A residence of three noble familiesDirleton Castle has graced the heart of Dirleton since the 13th century. For the first 400 years, it served as the residence of three noble families – the de Vauxes, Haliburtons and Ruthvens. The subsequent downfall of the Ruthvens saw the castle abandoned as a noble residence.
The de Vaux castleThe oldest part of the castle dates from the de Vauxes’ time in the 13th century. The impressive cluster of towers – including the imposing keep at the SW corner – is among the oldest castle architecture surviving in Scotland. The builder, John de Vaux, was steward in the household of Alexander II’s queen, Marie, daughter of the Duke of Coucy, near Amiens in northern France, where a remarkably similar castle can still be seen.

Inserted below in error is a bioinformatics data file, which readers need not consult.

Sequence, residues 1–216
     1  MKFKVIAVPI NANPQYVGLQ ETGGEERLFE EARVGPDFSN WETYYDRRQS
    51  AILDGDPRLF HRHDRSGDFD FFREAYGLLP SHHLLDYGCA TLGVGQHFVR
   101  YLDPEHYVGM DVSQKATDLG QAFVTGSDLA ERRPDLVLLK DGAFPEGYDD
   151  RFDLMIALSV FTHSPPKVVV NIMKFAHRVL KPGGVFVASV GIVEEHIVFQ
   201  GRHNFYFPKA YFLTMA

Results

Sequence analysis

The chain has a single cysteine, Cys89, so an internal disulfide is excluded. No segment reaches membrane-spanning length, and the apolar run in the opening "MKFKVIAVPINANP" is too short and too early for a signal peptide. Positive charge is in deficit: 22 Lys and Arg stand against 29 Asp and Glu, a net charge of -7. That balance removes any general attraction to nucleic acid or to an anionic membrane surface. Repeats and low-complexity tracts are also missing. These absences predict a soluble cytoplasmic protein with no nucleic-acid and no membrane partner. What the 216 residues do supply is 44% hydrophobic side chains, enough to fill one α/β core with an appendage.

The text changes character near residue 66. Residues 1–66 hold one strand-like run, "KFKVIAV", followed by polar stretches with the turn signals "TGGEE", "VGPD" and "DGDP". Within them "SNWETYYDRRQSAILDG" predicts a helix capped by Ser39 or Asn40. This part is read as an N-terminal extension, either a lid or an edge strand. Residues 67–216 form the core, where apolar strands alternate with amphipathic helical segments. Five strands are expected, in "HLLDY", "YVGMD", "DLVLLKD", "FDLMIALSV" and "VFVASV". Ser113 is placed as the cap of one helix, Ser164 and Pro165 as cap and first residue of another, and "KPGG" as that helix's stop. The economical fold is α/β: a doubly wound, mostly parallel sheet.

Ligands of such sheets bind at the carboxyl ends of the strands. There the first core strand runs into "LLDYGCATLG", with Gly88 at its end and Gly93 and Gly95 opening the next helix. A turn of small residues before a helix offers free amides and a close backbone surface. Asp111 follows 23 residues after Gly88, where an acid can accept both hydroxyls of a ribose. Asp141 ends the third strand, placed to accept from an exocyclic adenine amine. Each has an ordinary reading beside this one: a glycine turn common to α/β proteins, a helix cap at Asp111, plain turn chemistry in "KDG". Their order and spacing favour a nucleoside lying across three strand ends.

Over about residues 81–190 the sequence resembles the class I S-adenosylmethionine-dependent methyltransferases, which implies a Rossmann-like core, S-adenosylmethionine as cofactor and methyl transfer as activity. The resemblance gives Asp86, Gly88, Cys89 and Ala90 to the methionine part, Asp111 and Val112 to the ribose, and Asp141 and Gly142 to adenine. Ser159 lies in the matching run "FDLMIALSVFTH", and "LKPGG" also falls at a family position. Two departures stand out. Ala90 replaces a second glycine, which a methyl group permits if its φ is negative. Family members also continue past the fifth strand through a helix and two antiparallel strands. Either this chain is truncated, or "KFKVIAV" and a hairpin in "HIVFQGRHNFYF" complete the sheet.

The Haliburton castleThe de Vaux castle suffered badly during the Wars of Independence with England that erupted in 1296. Dirleton was captured in 1298, on the specific orders of King Edward I of England, ‘Hammer of the Scots’, and changed hands several times thereafter.
The Ruthven castleThe Ruthvens acquired Dirleton around 1510. It was not their main residence, which lay at Huntingtower, near Perth. Nevertheless, they carried out substantial improvements. They built a new residence, the Ruthven Lodging, and laid out gardens to the west. The present bowling green may once have been a parterre, or formal garden. The fine circular dovecot (pigeon house) was theirs also.
The gardensThe gardens that grace the castle grounds today date from the late 19th and early 20th centuries. The formal Victorian west garden – with its foliage plants and pelargoniums – was faithfully reconstructed in 1993. The beautiful north garden dates from the Arts and Crafts movement of the 1920s, and its fragrant herbaceous borders are the first thing the visitor sees on entering the property.